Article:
Native Americans traversed through the Palmer Divide, including Table Rock, where evidence of a grave was found on the Table Rock formation, a medicine wheel was found, as well as arrowheads. The tribes that traveled through the area included the Ute, Cheyenne, Arapaho, and Kiowa.
Patrick Murphy came to Table Rock in 1870, homesteaded the land, built a solid-enduring log cabin, and established a farm and ranch of 1,160 acres. Benjamin G. Norvell homesteaded at Table Rock in 1873. J.G. Evans homesteaded at Table Rock in 1884 and established a ranch of 1,750 acres. One of the early families to settle in the area were Eva and Thomas Thompson, who came across the plains in a covered wagon in 1890. They had a ranch at Table Rock. Another was Lou Stepler, a potato farmer.
The first country schoolhouse of El Paso County was built in the settlement. In 1918, a severe flu epidemic hit the area and for the community's safety families often did not hold funerals or held private funerals.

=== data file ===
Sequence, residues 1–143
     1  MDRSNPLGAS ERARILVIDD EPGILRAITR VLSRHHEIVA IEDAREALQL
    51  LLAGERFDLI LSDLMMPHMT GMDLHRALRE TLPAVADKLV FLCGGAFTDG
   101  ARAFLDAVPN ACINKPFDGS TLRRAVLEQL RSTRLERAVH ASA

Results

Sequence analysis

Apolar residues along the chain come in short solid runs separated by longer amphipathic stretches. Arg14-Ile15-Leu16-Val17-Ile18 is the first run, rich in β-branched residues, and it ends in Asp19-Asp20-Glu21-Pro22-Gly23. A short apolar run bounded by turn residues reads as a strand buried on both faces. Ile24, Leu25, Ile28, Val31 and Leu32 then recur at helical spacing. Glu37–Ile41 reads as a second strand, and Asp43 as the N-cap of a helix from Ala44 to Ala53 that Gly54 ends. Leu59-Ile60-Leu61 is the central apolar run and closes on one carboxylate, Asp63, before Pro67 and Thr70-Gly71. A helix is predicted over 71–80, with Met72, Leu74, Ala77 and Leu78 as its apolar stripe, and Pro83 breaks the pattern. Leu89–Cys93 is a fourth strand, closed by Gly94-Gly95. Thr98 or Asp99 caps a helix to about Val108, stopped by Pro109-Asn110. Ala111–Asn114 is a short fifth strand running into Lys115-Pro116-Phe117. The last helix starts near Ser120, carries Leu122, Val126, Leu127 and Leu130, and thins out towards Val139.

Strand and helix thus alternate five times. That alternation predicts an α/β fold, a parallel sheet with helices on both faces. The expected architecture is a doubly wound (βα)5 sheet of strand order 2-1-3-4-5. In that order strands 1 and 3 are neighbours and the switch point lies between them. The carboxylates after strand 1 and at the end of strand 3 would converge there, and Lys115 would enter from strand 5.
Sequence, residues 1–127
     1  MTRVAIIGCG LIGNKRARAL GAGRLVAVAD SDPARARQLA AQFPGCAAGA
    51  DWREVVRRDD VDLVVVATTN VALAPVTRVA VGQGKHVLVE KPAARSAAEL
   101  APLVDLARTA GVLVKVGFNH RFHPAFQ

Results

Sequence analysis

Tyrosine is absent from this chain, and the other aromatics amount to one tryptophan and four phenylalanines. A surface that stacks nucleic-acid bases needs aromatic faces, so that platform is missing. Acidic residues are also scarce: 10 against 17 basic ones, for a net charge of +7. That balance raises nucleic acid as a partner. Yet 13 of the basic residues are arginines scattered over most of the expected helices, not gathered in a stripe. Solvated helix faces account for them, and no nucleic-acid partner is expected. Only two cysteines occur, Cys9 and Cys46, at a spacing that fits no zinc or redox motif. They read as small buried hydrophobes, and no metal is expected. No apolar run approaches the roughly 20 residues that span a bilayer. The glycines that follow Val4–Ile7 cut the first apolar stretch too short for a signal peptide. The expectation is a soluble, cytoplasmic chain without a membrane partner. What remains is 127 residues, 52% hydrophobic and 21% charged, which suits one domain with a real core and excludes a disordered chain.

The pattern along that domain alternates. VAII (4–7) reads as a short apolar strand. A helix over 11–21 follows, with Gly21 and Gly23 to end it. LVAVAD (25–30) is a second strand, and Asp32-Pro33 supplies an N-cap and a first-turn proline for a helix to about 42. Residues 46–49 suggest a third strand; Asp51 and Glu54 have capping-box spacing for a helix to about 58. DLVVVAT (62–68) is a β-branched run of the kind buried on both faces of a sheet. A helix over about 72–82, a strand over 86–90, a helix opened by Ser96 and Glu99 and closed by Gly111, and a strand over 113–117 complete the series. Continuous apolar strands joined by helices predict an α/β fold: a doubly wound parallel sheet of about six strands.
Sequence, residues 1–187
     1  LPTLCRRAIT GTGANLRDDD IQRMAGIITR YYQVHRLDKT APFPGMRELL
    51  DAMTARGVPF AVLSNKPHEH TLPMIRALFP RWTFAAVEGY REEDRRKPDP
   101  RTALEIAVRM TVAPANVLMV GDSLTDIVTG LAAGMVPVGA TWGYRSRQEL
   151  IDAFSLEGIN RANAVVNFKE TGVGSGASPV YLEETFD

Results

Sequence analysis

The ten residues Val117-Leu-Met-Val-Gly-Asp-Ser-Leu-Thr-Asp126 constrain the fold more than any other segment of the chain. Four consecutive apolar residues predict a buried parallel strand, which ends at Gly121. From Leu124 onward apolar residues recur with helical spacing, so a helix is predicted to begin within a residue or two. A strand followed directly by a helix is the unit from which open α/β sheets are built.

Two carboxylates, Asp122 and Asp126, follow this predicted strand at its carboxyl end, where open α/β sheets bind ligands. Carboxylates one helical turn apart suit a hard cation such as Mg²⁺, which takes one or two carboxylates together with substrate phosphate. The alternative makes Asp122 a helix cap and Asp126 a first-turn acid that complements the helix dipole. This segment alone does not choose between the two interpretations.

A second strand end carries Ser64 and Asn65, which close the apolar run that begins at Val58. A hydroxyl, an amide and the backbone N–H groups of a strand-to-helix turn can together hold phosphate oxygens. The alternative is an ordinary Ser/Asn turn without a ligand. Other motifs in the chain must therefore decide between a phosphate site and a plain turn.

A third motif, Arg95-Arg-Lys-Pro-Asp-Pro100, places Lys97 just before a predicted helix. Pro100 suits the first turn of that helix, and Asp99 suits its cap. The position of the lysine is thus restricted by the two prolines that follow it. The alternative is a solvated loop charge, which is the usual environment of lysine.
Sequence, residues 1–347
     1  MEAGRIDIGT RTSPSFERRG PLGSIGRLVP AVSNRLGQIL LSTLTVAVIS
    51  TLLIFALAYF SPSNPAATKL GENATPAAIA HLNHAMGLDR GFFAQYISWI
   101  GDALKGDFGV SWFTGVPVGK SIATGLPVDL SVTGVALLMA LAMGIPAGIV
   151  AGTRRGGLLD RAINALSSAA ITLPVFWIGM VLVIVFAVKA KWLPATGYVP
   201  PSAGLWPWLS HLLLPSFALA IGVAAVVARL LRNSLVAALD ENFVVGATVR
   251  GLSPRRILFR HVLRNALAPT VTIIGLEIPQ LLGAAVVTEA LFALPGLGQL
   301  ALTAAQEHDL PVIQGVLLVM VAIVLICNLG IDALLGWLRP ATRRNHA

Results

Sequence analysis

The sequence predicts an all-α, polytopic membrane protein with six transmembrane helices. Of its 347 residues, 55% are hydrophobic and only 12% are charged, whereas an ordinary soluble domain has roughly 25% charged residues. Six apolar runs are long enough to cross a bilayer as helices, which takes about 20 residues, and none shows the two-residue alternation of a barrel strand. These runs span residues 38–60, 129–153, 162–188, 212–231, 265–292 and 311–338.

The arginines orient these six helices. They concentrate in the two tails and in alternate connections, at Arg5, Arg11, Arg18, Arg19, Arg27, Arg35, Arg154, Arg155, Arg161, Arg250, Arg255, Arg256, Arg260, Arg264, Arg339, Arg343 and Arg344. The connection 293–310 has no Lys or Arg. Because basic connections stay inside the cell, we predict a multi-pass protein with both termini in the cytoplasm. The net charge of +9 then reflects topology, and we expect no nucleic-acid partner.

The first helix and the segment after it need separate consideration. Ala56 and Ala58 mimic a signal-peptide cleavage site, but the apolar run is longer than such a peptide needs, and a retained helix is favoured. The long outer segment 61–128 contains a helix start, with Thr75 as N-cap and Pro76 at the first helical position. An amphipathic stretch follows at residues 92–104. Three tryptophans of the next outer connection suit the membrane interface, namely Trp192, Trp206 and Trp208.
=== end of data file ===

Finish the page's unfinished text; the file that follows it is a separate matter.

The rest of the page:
- "Place Names of Colorado" (PDF). Denver Public Library. p. 620. Retrieved July 19, 2018.
- Communities of the Palmer Divide. Arcadia Publishing. 2011. p. 12, 109, 122. ISBN 978-0-7385-8190-3.
- Wilbur Fiske Stone (1919). History of Colorado. S. J. Clarke. p. 376.
- Wilbur Fiske Stone (1919). History of Colorado. S. J. Clarke. p. 401.
- Wilbur Fiske Stone (1919). History of Colorado. S. J. Clarke. pp. 393–397.
- Wilbur Fiske Stone (1919). History of Colorado. S. J. Clarke. p. 561.